The Payment Card Industry Data Security Standard (PCI-DSS), the international body for card security, is working on updating security standards for card and mobile based payments. Senior executives told MediaNama that the security standards body has had to renew its focus on newer areas as more people are working from home during the pandemic. They said that there is a growing adoption of digital payments and that organisations are using cloud servers to a greater extent. But this transition has also come at a cost, in terms of cyber security.
“The pandemic has highlighted the scale of criminal activities that were happening in the past, whether it is phishing or social engineering. Now that people working from home, they are are vulnerable for exploitation through these attacks,” Nitin Bhatnagar, Associate Director, PCI Security Standards Council told MediaNama.
‘Cyber crimes targeting home networks’
According to Lance Johnson, Executive Director, PCI Security Standards Council, cyber crime is expected to reach $6 trillion in damages by 2021. “When there was a mass movement to work-from-home, the standards that would apply to these areas may have never been designed for a remote working scenario. With these changes in society we either have to evolve the standard or create a new standard. But standards are are only part of the issue, resiliency of the overall system and the security operations of organisations are also important. Ideally, standards need to be written flexibly with a view to the types of attacks, the standard should have resiliency,” Johnson said.
“We have seen a significant rise in number of phishing ransomware attacks targeting home networks and offices knowing that there was poor security planning at homes. This was especially true during the first few months of the pandemic. We have also had to address online skimming issues which are hard to detect since a third party’s security is usually compromised and in many environments, the customer is defrauded without the merchant being aware,” Troy Leach, Senior Vice Present, PCI Security Standards Council told MediaNama.
‘India is a quick adopter contactless payments’
Leach said that the PCI Council works closely with the National Payments Corporation of India (NPCI). “At PCI we have several mobile standards which will be one of our key focus areas in 2021. So far we have updated two standards, one is for third party attachments to a mobile device and the second, is to find a way to isolate the payments security in an off-the-shelf phone. In India there has been an acceleration of contact less payments, and we see India as a quick adopter of this technology.”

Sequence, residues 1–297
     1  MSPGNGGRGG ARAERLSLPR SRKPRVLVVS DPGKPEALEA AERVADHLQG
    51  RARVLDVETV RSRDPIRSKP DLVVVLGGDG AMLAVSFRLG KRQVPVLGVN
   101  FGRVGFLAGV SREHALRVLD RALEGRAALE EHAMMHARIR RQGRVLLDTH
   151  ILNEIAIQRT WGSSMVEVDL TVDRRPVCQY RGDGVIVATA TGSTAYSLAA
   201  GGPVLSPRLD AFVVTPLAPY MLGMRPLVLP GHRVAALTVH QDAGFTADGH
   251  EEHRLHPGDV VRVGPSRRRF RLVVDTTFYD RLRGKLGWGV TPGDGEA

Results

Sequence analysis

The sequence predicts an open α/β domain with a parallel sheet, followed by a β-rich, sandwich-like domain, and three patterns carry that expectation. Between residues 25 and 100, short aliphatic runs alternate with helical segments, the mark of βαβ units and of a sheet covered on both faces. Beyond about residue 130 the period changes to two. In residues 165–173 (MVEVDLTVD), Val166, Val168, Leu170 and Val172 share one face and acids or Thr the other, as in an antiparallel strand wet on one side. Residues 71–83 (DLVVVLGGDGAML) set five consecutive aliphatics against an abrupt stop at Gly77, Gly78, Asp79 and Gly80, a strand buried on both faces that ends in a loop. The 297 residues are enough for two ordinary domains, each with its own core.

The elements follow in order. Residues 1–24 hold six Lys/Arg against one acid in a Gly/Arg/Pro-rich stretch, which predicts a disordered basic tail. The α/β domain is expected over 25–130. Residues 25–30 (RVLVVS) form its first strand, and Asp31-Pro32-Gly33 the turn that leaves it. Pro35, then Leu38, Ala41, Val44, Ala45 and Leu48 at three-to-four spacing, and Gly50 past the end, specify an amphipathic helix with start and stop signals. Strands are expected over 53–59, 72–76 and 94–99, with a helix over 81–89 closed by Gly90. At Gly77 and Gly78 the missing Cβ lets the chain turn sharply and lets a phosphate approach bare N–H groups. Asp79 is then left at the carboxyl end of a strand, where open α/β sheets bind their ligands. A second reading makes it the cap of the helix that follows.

“Our role is to make sure the environment is secure and wherever payment data resides it is secure. So our standard in contact less transactions promotes the elimination of static data which could be used in a fraud. We are trying to introduce new aspects to ensure payment data is protected (encrypted and decrypted) such as moving to use dynamic tokens and simplifying the security requirements so that many small businesses and consumers can adopt these payment options. Version 4 of PCI-DSS will be a radical overhaul, and the process will be completed next year,” Leach said.
“Many of our historical requirements were based on physical cards and devices. But mobile has changed this. As the idea of a physical acceptance point has changed, so organizations need to manage both at the same time while migrating to digital payments. We are working creating new standards for this shift to mobile payments, globally,” said Johnson.
‘Cloud makes merchant and payments architecture complicated’
As organizations get digitised and things move to the cloud, the PCI Council has had to evolve and work on standards to secure payments that were running cloud servers, Leach said. ” We are working with the cloud computer providers through a counsel to find a common ground on how to secure payments. As merchant environments and payment architecture becomes more complicated, there needs to be standards on the software to ensure the data and payments is protected. For instance, we are working on reducing third party dependency. Often, software from third parties are compromised, so we created a new software security framework to create a nimble and flexible standard that fintechs and other developers to innovate while keeping accountability and security as a priority,” he said.
“We are at one of those transition points whether the migration to a cloud is creating a challenge on the skills side for businesses . There is always a learning curve that we have to go through and companies will need to make decisions based on their operational evolution. There will be early adopters and late adopters in this transition to the cloud, while the vast majority of organizations will be in the middle,” said Johnson. “I do not see cloud any riskier than dedicated servers. Some mechanisms of control are different on a cloud compared to dedicated servers, so that requires different approach. So it’s not less secure but a different model that requires a different perspective. So we engage with the top cloud service companies to help companies migrate and use cloud services,” he said.